Economic cooperation - the key pillar for Vietnam-Japan relationship
Prime Minister Pham Minh Chinh pledges to improve the investment environment for Japanese investors after months-long restriction measures against Covid-19 are lifted.
Economic cooperation will be one of the key pillars in Vietnam-Japan relations in the post-pandemic era, Vietnam’s Prime Minister Pham Minh Chinh said during his ongoing visit to the Northeast Asian country.
|Vietnam’s Prime Minister Pham Minh Chinh speaks at the investment conference in Tochigi Prefecture, Japan on Nov 23. Photos: VGP|
Enhancing economic ties would open a new development period for both, Chinh told Japanese media ahead of the visit, which started on November 22.
For that reason, both countries will facilitate the penetration of each other’s products and recover production. At the same time, Vietnam calls for further Japan’s official development assistance (ODA) to the country, with a focus on infrastructure, health, manpower, digital transformation, and climate adaptation.
The next focal point will be the health sector with the transfer of Covid vaccine and drugs; joint efforts in increasing pharmaceuticals supply and enhancing medical capacity for leading hospitals in Vietnam like Cho Ray, Bach Mai, and Military Hospital 108.
Chinh expressed hopes for even stronger cooperation between the two countries after referring to Japan’s provision of over four million Covid-19 vaccine doses to Vietnam.
Education, manpower training, as well as people-to-people links will be other fields of cooperation.
In addition, culture and tourism will play an important role in pursuing recovery plans and bringing the two nations closer with more activities to be organized for both sides to boost mutual understanding.
Security and defense ties will be covered by agreements on technology transfer in the defense industry with specific activities in patrol, overcoming wartime legacies, search and rescue.
Finally, discussing international issues of mutual concerns will be included in the cooperation agenda together with preparations for the 50th anniversary of bilateral relations in 2023.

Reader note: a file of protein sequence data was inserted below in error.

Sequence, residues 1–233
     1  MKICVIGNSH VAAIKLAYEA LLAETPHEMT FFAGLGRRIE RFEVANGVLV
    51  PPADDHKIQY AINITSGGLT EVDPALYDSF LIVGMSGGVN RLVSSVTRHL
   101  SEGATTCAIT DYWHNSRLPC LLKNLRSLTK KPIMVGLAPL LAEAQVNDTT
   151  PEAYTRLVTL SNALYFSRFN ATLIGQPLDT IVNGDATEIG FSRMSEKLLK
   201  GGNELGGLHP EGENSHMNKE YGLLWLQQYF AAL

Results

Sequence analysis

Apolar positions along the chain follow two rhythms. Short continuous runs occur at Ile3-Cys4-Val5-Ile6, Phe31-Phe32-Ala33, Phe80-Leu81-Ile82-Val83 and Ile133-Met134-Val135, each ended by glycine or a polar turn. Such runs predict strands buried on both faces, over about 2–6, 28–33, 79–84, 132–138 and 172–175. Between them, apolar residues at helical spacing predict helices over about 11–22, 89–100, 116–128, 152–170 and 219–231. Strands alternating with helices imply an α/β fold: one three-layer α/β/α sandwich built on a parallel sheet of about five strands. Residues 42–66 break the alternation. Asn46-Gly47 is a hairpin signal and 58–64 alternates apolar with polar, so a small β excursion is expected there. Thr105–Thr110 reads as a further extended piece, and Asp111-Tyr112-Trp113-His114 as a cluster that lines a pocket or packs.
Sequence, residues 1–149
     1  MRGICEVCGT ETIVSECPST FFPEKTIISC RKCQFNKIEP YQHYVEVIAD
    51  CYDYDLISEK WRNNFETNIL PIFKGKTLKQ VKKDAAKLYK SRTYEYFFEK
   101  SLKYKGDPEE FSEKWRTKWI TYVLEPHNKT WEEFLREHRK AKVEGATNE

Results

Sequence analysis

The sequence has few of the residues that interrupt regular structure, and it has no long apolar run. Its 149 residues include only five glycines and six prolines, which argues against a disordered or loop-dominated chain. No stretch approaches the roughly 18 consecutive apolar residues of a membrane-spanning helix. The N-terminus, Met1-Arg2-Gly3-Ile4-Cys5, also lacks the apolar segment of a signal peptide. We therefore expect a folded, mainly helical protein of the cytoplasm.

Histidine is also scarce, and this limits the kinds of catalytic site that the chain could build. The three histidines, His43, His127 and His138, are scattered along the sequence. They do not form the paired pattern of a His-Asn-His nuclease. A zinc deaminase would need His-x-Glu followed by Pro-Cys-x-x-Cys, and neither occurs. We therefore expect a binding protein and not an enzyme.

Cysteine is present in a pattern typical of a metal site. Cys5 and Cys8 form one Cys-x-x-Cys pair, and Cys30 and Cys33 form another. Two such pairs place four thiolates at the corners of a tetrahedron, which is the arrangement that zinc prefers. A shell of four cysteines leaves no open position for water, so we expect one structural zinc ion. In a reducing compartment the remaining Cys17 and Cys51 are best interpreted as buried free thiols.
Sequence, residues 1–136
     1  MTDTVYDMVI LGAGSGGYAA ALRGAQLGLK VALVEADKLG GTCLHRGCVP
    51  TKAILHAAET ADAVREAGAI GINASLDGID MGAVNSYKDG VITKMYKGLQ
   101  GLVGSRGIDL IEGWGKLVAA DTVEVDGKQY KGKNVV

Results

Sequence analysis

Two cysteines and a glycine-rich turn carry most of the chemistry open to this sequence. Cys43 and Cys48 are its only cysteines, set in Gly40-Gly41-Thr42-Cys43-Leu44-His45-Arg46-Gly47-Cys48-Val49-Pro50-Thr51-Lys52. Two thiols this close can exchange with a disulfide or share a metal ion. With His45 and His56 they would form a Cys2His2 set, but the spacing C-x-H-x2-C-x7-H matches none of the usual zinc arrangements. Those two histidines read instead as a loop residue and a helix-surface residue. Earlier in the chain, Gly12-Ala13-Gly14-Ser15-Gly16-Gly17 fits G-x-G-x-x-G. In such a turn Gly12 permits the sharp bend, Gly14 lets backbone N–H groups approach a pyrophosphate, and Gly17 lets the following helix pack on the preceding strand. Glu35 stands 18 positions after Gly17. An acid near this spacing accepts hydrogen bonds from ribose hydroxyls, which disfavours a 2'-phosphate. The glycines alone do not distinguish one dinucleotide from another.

|Vietnam’s Prime Minister Pham Minh Chinh and Tochigi Prefecture's Governor Tomikazu Fukuda|
Concerning restrictions, Chinh said Vietnam has taken tough measures over the past months to protect people the first and foremost amid the low vaccination rate. Now when the pandemic was brought under control, Vietnam will switch to living safely with Covid-19 to put businesses at the center in its recovery plans.
He emphasized that the restriction measures had largely hindered the operations of factories, saying, “I would like to hear the opinions of foreign-affiliated companies, including those from Japan, and make every effort to improve the business environment.”
The top priority will be given to administrative reforms to facilitate the investment. Therefore, barriers will be soon tackled to ensure smooth operations in the new normal. At the same time, authorities will make preferential policies and conduct supporting measures, including cutting immigration procedures and resuming international flights.
To serve the development in the long run, Vietnam encourages foreign investment, including those from Japan, in infrastructure, digital transformation, green growth, and climate adaptation under the public-private partnership (PPP) mechanism.
To make the goals achievable, Vietnam will gear special focus on improving skilled manpower, Chinh added.
Speaking at the meeting with authorities and businesses in Tochigi Prefecture on November 23, the Vietnamese PM said businesses of both Vietnam and Japan are given opportunities to better cooperate thanks to the support of both sides.
Talking about the relationship with Japan, he said, “We have a credible friendship in many fields and are at the best stage.” “The relationship between the two countries is better than ever, and I look forward to further development.”
|Cooperation agreement between Vietnam's Vinh Phuc and Japan's Tochigi.|
Larger room for cooperation
Regarding economic ties, both representatives of the Japan International Cooperation Agency (JICA) and the Japan External Trade Organization (JETRO) said the path ahead remains open to both countries in terms of economics.
Chief Representative of JICA Vietnam Office Shimizu Akira said the agency will focus on urban transport, energy, infrastructure, agriculture, maritime security, digital transformation, and development projects in the Mekong Delta.
“JICA will continue to contribute to the development of Vietnam through projects on the exchange of human resources and knowledge, thereby strengthening the partnership between Vietnam and Japan,” said Shimizu Akira.
Supporting Vietnam since 1992, JICA has provided JPY3 trillion (US$26 billion), sending 15,000 Japanese experts to work in the Southeast Asian country and train around 27,000 domestic laborers for Vietnam’s development programs.
Its capital has helped build 3,000 km of expressway, 250 bridges, five international ports, and 10 power plants with a capacity of 4,500 megawatts (MW), enabling Vietnam to connect its regions and with other ASEAN countries.
Its cooperation has also covered the health sector, which started in 1975 by training about 100,000 health workers in the universal health coverage (UHC) program. Its support was intensified during the Covid-19 pandemic.
Meanwhile, the Japanese investment into Vietnam reached nearly $63 billion in 4,700 projects while the two-way trade hit $40 billion in 2020, according to JETRO’s Chief Representative Nakajima Takeo.
He said the economic ties remain potential despite Covid-19, presenting good sentiment towards the Vietnamese market. In 2021 alone, only two projects in Vietnam’s Can Tho and Vinh Phuc were worth $1.9 billion.
|PM Chinh and Vietnamese nationals in Tochigi.|
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